trauma and the pregnant patient

History
The patient is a 35 y.o. female who arrives as a level 2 trauma transfer from OSH.  She arrives via MedFlight on a back board with c-collar in place. She was a restrained (lap belt only) driver of MVC that hit pole head-on.  + airbag deployment.  Denies LOC.  Currently complaining of right elbow pain, left ankle pain and abdominal pain.  No n/v since event.  GCS 15 at scene and on arrival to trauma bay.  Vitals stable en route, has received 2L IVF. FAST reported as negative from OSH, otherwise no additional imaging performed at OSH.

Of note, the patient is a G1P0 at 25 weeks gestation.

OB and Trauma present when pt arrived.

Vitals:  BP 96/64    P 104   R 16   SpO2 99%    T 98.8F
A: patent
B:  b/l BS
C:  RRR.  2+ radials, fems, DP/PT on mom.  FHT 168 BPM
D:  GCS 15
E:  pt exposed, no obvious defomities.  log rolled off BB.

Secondary survey revealed abdomen that is soft but distended, more of a 34-36wk abdomen rather than 25?  Small abrasion over rt elbow.  TTP over distal left tib/fib and ankle without deformity or open lac/abrasion.

FAST:  + in RUQ

Decision?  OR vs CT– discussed risks of CT radiation to baby,
Patient was ‘somewhat’ stable at that time with BP ranging from 90-110 systolic, deicison was made to go to CT scanner at that time

Final dx: Grade 3 Splenic lac

Received PRBC in TB, transferred to IR for embolization then SICU after

Teaching points:

1.  Trauma in pregnancy = still a trauma.  Must do A, B, C’s first still!!

2.  To treat baby is to treat mom.  Pay extra attention to vitals– decrease in mom’s pressure = decrease in profusion to baby.  We obtained FHT initially while obtaining mom’s vitals (prior to rolling pt), then placed on continuous toco once pt was rolled and off BB.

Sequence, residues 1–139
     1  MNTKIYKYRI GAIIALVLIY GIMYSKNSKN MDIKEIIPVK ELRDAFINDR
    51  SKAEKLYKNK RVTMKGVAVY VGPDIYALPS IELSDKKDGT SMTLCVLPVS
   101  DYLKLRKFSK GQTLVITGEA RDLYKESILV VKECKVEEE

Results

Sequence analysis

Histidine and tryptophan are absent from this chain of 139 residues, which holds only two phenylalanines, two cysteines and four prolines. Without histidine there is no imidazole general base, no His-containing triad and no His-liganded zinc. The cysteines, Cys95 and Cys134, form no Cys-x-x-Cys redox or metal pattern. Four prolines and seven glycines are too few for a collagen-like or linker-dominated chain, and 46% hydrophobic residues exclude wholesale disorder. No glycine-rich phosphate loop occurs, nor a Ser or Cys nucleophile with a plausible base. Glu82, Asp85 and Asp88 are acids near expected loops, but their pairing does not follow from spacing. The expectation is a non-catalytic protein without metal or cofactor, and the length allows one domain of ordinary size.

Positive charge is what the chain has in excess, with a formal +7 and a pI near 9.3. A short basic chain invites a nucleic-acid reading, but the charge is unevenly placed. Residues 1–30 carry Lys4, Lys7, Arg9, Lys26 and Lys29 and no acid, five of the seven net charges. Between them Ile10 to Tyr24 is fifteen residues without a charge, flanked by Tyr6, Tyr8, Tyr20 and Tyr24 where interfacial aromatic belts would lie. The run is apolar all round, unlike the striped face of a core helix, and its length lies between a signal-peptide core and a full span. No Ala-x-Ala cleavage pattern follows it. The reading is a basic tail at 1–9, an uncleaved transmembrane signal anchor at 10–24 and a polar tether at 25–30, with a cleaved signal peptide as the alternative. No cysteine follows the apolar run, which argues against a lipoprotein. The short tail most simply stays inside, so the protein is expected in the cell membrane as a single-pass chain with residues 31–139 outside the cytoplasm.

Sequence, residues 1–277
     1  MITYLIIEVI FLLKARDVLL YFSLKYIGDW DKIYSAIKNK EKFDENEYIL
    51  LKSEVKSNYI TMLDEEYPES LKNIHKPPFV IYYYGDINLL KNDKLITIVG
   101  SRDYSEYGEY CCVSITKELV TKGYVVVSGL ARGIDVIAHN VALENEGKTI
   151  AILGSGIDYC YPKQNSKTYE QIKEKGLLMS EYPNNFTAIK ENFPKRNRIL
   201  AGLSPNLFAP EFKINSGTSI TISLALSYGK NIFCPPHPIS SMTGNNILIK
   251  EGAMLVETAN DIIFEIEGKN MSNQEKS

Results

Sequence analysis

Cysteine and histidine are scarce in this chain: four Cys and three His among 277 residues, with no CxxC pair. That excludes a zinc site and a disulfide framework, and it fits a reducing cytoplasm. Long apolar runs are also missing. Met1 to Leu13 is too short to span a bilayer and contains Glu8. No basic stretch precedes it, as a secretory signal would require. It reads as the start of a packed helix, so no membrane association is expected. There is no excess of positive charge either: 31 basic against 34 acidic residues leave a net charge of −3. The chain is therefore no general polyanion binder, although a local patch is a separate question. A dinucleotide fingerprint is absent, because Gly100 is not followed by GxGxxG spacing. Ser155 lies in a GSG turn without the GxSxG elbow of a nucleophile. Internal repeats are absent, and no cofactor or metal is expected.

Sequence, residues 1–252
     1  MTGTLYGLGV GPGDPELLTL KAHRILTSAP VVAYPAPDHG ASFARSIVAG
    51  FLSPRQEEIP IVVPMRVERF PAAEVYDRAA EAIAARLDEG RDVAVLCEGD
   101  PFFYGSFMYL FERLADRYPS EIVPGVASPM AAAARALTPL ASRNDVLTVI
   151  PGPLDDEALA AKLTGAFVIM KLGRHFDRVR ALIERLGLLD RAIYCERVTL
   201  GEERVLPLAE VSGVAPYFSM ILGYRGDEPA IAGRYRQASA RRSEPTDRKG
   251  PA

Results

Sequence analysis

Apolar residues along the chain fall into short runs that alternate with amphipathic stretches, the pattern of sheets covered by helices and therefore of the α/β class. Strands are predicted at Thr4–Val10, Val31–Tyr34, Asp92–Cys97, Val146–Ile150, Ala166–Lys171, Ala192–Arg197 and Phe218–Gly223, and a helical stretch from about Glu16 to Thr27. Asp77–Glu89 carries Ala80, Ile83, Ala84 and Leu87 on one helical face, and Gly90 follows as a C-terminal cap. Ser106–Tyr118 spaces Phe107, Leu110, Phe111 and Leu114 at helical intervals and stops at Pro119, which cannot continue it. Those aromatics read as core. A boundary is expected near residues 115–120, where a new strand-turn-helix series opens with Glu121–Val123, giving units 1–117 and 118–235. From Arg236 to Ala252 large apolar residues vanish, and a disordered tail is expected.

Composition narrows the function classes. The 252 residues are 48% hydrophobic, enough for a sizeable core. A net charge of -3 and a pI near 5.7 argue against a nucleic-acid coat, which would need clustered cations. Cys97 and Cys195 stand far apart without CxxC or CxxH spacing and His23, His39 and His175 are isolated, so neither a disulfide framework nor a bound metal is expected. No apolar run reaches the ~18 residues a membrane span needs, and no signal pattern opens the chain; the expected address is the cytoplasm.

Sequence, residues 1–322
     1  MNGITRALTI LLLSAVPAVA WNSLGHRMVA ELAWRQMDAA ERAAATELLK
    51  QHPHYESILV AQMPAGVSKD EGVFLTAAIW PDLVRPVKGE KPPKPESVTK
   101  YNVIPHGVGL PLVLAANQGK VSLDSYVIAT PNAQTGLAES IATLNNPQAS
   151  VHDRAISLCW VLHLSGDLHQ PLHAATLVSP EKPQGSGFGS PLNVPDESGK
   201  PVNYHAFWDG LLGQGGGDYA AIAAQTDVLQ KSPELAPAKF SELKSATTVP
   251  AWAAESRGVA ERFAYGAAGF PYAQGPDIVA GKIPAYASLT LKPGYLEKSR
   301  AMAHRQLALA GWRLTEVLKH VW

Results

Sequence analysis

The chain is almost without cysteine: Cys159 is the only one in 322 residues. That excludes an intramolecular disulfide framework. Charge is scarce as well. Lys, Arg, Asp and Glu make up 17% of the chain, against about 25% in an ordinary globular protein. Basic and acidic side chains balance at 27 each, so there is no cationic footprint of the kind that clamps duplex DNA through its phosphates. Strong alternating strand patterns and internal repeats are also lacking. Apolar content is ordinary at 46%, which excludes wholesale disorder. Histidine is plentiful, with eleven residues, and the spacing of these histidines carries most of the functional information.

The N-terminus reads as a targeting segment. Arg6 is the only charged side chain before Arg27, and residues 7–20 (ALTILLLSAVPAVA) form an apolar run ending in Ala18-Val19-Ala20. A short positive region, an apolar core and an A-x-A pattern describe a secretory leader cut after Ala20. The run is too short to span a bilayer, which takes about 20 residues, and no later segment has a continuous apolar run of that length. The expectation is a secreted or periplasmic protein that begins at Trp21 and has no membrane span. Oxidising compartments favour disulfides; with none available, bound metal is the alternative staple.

3.  Remember hemodynamics in prenancy– increase in maternal blood volume leads to relative anemia (at baseline CO is increased, HR increased and BP decreased– mimics appearance of shock!).  Also remember that left lat decubitus will decrease pressure on IVC and increase VR.

4.  Important labs:  T&C (remember Rhogam!), fibrinogen, coags– in addition to typical trauma labs.  Administer steroids to preterm mom/fetus in case of emergent delivery.

5.  Imaging:  Try to sheild the fetus as much as possible, but NO imaging should be withheld if indicated to fully evaluate the mother/trauma.  In our case, doing the CT prevented mom from needing the OR.

6.  Delayed gastric emptying in pregnancy = have suction ready as increased risk for vomiting if needing to intubate.  Also, delayed reserves as uterus/baby pushed up on diaphragm.

7.  Even if no apparent injury, high risk for abruption or other comlications– OBSERVE these patients for at least 24 hrs after event on TOCO to ensure FWB and no decline in status.  You can have abruption without vaginal bleeding!

8.  In extreme cases, do not forget about post-mortem C-section: best when performed within 5 minutes of arrest.  Procedure– vertical incision through abdomen and vertical incision through uertus to deliver the baby.

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